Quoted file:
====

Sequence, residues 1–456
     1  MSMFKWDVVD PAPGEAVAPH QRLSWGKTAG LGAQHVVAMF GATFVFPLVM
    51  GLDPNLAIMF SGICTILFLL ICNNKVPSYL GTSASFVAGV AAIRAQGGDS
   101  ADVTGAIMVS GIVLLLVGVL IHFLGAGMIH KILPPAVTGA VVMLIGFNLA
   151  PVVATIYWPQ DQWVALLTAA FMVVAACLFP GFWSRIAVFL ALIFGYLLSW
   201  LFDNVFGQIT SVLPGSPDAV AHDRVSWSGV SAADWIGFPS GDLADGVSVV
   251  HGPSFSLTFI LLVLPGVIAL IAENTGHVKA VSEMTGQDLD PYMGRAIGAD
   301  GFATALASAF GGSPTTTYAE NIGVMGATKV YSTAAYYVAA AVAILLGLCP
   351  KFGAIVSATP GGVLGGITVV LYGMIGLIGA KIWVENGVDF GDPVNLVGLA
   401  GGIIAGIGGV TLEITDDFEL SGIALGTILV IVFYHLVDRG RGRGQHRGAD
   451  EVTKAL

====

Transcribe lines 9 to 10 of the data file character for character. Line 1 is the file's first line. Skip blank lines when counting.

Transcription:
   351  KFGAIVSATP GGVLGGITVV LYGMIGLIGA KIWVENGVDF GDPVNLVGLA
   401  GGIIAGIGGV TLEITDDFEL SGIALGTILV IVFYHLVDRG RGRGQHRGAD